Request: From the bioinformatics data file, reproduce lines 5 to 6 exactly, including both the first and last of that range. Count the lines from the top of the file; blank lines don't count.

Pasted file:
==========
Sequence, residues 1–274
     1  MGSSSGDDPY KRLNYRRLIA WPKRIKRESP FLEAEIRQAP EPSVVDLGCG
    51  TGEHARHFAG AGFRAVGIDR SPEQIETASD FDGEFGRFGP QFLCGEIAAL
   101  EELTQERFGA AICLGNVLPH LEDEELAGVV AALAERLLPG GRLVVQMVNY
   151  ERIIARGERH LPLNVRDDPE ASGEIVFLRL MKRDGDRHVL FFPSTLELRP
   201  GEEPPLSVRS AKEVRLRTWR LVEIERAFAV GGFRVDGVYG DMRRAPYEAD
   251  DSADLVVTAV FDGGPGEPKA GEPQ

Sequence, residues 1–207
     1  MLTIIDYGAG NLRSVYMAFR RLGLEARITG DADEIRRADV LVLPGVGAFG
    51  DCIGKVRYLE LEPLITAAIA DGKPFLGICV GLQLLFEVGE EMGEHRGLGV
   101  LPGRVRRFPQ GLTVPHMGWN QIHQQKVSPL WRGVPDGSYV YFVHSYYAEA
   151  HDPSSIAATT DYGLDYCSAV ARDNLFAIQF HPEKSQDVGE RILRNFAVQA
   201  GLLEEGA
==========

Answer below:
   151  ERIIARGERH LPLNVRDDPE ASGEIVFLRL MKRDGDRHVL FFPSTLELRP
   201  GEEPPLSVRS AKEVRLRTWR LVEIERAFAV GGFRVDGVYG DMRRAPYEAD